The auctioneer’s gavel will fall on the last of Andrew Wiederhorn’s troubled Portland empire.
The most expensive home ever sold at a Multnomah County sheriff’s foreclosure auction will go on the block April 2.
It’s a 20,000-square-foot, $6.8 million mansion atop the Southwest Hills, the
This spring, voters will choose between two seasoned politicos who want to rehab Multnomah County’s scandal-plagued brand.
Multnomah County government is like plumbing: essential but only noticed when there’s a mess.
most recent pipe break occurred last summer, when the tawdry personal
life of then-Multnomah C
Uber is one of those Silicon Valley "share economy" startups that has amassed a multi-billion valuation on what seems like a simple idea—allowing consumers to summon a for-hire car through a smartphone app. The company says...
A Portland-based consultant who has questioned the high costs of the Pacific Northwest's only nuclear power plant is now engaged in a huge public records battle with its operator, Energy Northwest.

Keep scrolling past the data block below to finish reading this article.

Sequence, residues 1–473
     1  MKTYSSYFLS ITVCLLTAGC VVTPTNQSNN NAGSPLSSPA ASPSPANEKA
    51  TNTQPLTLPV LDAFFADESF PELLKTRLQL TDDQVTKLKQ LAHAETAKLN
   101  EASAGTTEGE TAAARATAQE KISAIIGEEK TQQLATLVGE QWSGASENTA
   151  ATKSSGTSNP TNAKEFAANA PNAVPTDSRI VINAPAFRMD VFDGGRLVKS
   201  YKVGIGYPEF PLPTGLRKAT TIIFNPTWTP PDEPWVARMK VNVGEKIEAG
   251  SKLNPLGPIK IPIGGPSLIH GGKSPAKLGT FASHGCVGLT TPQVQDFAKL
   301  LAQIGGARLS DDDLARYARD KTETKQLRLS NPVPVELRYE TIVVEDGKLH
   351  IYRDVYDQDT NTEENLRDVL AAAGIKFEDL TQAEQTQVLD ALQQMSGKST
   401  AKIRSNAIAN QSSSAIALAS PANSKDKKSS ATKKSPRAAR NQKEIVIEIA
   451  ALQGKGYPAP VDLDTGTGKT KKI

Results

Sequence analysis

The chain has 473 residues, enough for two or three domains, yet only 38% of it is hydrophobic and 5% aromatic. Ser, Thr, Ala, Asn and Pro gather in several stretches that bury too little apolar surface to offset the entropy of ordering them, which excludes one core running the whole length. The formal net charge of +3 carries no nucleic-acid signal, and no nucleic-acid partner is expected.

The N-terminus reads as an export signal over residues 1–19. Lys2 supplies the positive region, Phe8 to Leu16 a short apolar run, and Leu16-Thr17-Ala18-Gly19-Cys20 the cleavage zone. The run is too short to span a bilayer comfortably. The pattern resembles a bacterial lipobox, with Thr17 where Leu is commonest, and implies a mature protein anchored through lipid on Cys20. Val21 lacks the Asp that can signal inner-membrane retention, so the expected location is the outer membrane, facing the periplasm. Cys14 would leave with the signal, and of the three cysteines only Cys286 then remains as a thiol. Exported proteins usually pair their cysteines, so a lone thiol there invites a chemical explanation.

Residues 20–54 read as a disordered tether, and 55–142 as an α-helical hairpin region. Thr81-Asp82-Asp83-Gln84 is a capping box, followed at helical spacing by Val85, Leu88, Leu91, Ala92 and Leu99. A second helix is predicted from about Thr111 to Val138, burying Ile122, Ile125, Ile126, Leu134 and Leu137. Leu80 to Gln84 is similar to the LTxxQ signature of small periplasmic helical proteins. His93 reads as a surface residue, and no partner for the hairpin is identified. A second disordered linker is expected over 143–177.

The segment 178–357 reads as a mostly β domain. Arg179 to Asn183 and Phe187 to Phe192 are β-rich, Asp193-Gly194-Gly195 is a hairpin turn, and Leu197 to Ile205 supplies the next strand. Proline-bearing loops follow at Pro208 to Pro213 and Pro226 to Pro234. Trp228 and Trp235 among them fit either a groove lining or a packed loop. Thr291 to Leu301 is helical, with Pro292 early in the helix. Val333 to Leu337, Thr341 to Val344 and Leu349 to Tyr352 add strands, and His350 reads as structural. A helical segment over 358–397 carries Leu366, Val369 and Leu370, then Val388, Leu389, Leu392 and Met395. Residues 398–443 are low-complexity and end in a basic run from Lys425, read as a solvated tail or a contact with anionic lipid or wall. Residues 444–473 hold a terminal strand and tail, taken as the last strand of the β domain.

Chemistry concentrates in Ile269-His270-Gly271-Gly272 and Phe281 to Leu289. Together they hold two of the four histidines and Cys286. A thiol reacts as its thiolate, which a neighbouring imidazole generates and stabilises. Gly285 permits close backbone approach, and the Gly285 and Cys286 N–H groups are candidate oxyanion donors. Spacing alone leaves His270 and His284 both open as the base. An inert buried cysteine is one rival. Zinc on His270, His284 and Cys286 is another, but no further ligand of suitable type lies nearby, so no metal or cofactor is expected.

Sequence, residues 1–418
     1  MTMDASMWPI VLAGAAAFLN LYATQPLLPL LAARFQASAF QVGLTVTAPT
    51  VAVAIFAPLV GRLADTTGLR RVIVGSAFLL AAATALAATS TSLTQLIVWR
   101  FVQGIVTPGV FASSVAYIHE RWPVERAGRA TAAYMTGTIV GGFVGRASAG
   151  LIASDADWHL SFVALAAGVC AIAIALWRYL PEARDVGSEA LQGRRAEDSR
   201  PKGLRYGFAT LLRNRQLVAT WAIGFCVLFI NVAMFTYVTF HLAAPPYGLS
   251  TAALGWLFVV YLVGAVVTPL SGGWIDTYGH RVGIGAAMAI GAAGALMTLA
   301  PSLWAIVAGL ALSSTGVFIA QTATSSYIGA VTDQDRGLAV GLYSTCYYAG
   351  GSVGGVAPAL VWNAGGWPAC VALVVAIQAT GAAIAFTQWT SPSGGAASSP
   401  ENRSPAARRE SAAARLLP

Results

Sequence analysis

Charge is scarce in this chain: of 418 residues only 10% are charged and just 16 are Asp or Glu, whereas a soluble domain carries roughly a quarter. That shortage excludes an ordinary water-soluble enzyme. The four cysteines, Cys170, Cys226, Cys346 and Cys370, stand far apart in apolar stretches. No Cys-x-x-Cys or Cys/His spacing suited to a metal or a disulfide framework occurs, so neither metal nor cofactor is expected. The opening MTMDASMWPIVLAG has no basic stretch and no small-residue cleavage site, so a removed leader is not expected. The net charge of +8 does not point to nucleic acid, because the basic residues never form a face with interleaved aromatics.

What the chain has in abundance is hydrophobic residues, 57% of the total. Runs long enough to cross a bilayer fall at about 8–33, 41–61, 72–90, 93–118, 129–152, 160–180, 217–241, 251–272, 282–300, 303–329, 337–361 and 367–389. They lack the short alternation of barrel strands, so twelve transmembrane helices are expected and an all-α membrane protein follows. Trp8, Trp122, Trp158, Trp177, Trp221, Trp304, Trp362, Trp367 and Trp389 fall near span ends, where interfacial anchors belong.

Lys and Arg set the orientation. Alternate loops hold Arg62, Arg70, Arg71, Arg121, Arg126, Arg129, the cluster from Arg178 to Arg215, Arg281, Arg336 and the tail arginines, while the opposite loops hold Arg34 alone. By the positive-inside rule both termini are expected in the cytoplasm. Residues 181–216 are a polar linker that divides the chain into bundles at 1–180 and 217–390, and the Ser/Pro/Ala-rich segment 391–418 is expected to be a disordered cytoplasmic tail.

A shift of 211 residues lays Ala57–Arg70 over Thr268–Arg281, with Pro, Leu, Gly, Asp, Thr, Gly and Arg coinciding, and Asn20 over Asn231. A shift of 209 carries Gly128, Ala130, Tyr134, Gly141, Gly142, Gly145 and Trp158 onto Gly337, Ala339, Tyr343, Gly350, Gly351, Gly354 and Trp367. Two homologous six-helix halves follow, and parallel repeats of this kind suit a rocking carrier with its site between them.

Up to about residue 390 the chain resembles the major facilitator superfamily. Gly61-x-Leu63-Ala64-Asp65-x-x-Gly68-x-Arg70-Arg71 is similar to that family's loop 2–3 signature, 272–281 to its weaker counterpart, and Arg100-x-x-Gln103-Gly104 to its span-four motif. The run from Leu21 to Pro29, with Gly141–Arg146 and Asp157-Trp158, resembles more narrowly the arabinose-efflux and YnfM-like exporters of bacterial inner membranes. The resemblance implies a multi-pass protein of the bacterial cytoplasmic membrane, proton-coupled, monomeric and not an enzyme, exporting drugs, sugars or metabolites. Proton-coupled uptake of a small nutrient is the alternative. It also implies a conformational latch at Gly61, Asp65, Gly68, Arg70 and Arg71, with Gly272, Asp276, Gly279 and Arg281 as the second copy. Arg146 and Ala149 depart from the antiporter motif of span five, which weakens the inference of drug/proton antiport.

The Tri-City Heraldreports that the utility has estimated it...
Stimson Lumber has made two more $30,000 contributions to GOP House candidates. Following an earlier contribution to Salem IT consultant Barbara Jensen, filings show that Stimson gave $30,000 to Jodi Bailey, who is running in House District 51, which c...
The City Commissioner rails against what he calls a takeover of the city’s water system.
City Commissioner Nick Fish is in hot water. And by the standards of this usually placid lawyer, he’s boiling mad.
Fish, who’s up for
re-election, is fighting a second battle on the May ballot
Stimson Lumber today disclosed a $30,000 contribution to House District 25 (Keizer and parts of Salem) GOP candidate Barbara Jensen, making what was already one of May's top legislative races more interesting.
The drama started in December, when incumbent Rep. Kim Thatcher (R-Keizer) announced she would seek the Senate seat being vacated by state Sen. Larry GeorgeMore
Health insurance companies covering jail inmates shift millions in costs to taxpayers. Now they have to stop.
Lawmakers fell short on some high-profile bills in the
even-year session that ended last week, including the Columbia River
Crossing, gun control and marijuana legalization.
But the Legislature